The “Doorkeeper” — If I could be at Ford Field, I would definitely “take a knee”.

By Larry Peterson

Blessed Solanus Casey--en.wikipedia.org

 

On November 18, 2017, a great event will take place at Ford Field in Detroit, Michigan, the home-field of the NFL's, Detroit Lions. Upward of 70, 000 people are expected to fill the stadium and they are not going to be there for a football game. Millions from around the world will be watching the event on television or whatever type of device they may have and they will not be tuned into the World Cup. This will be the largest Catholic event to take place in Detroit since St. John Paul II visited there in 1987. And, more than likely, this event will receive barely a mention by the mainstream Media. It is the way of things in 2017.

 

It does not matter. It does not matter because this day transcends any political motivation or bias. This is the beatification ceremony for Venerable Solanus Casey.  This is the day we celebrate a working man who, against all odds, became a priest and will enter the final chapter on his road to being canonized a saint, an American born saint.  This simple, unpretentious man, known as the "Doorkeeper", was the kindly priest who shed his ego so he might serve others. This was not a birth defect. Rather, like all those elevated through the process of sainthood, he had that beautiful quality of foremost loving God before all else---no matter what.

 

The sixth child of sixteen children, Bernard Francis Casey,  was born to poor, Irish immigrants in Oak Grove, Wisconsin, in 1870. His family and friends called him Barney. When Barney was a young boy he contracted diphtheria and this left him with a permanently raspy sounding voice. Barney was never going to be a singer but that never mattered to him. He had always felt the calling to the priesthood. Unfortunately, there was a 'bump' in the road for Barney. He had to go to work to help support the family.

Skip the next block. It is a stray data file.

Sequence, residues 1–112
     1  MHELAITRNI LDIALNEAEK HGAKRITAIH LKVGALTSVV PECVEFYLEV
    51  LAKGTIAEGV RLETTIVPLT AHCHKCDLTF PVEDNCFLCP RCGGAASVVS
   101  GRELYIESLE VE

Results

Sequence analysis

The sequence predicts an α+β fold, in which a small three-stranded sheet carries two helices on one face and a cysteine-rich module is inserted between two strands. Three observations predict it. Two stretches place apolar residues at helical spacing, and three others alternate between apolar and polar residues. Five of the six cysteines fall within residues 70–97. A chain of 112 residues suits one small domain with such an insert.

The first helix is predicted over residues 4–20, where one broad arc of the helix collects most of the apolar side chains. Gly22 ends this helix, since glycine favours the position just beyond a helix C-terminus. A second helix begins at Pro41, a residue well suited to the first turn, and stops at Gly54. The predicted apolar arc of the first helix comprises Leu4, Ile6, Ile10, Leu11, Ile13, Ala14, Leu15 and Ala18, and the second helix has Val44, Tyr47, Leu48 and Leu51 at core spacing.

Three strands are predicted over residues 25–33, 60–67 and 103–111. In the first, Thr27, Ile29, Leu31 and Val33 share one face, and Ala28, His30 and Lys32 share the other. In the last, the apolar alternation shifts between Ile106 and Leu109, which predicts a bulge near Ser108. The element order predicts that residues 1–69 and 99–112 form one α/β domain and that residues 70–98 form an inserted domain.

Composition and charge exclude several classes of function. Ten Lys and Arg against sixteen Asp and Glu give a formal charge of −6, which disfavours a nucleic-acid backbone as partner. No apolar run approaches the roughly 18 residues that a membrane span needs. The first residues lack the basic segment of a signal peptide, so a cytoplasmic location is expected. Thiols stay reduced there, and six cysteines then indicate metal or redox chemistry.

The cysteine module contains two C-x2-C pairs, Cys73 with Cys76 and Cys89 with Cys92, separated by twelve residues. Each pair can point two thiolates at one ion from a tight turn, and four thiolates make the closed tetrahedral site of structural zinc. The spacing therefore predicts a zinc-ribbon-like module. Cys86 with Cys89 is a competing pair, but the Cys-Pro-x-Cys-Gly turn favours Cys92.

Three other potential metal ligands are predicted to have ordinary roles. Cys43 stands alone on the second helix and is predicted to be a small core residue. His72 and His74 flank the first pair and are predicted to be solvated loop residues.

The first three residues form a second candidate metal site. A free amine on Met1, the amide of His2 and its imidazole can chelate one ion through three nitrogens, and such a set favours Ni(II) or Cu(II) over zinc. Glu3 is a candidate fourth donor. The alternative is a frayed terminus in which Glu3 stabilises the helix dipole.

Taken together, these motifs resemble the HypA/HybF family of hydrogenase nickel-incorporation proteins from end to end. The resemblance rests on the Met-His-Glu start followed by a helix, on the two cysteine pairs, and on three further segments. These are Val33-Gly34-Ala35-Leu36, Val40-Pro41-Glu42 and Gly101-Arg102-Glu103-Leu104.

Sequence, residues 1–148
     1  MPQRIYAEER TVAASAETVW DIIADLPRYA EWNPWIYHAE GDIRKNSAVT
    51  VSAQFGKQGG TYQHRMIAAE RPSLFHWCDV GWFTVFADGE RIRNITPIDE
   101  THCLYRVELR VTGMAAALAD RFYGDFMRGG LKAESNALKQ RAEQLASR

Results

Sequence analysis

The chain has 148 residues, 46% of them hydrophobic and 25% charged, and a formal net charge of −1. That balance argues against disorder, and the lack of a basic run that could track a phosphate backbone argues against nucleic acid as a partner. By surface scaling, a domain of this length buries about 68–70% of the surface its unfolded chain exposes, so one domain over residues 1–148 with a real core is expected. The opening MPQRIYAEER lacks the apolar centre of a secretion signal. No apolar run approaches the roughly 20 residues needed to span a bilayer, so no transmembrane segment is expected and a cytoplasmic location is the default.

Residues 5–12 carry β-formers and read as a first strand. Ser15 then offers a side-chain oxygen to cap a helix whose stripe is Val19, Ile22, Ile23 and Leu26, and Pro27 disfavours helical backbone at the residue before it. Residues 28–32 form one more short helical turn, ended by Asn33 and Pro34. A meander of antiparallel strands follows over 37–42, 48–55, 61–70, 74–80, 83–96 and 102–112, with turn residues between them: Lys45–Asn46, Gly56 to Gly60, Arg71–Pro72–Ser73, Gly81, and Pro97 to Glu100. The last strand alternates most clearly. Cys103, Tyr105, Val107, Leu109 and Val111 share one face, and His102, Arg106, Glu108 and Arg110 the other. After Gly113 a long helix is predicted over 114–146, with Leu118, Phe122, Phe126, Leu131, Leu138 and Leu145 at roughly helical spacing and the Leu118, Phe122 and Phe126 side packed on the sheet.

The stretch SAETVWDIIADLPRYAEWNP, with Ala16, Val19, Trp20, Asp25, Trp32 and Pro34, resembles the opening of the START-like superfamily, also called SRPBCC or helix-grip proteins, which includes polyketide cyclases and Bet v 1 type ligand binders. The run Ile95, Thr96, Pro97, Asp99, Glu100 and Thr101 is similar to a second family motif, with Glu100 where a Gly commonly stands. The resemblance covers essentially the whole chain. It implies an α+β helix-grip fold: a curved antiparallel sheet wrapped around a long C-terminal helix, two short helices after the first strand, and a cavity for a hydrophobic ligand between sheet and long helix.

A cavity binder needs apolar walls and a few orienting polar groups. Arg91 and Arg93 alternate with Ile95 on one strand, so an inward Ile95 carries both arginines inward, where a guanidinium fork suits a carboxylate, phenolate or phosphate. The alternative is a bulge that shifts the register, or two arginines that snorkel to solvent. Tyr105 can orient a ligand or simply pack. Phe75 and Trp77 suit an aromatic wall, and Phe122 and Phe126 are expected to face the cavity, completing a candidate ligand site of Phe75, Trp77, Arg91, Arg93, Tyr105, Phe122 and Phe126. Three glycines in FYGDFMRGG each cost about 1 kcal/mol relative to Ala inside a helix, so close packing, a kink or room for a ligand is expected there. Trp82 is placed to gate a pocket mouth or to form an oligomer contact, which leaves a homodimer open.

Barney Casey did what he had to do to earn money. He worked as a lumberjack, a prison guard, a streetcar operator and even as a hospital orderly. He did whatever job he had to the best of his ability always keeping his serving God as his primary goal. Consequently, his education was put on hold and it took him five years to get back to high school. When he did it was at St. Francis High school seminary in Milwaukee. He spent five years studying before being able to join the Order of Friars Minor Capuchin. When he was accepted he took the name Solanus, after St. Francis Solanus.

 

Brother Solanus became Father Solanus Casey at the age of 33. He had to fight to get through his studies but he managed. However, upon ordination, he was given the title, "Sacerdos Simplex", which means, simple priest. He would not be allowed to preach or hear confessions. Father Casey never complained.

 

For more than 20 years Father Casey lived at St. Bonaventure Monastery in Detroit. His primary job was that of "doorkeeper". He became the finest "Doorkeeper" who ever lived and, unexpectedly, also became known for his service to the sick and for the advice he would give to the visitors who came by. After a while, people began attributing cures and other blessings to Father Casey's interaction with them.

 

Father Solanus Casey died in 1957. He was a man who opened and closed doors for people. A man who had no ego and was happy to serve God in the simplest of ways. A man who, because miracles have been attributed to his intercession, will be Beatified before tens of thousands of people in a football stadium on November 18, 2017, while millions more around the globe will watch the ceremony via television. If I could be at Ford Field, I would definitely “take a knee”.

 

Blessed Solanus Casey, please pray for us. And THANK YOU for your wonderful example of how to live.

 

 

 

     

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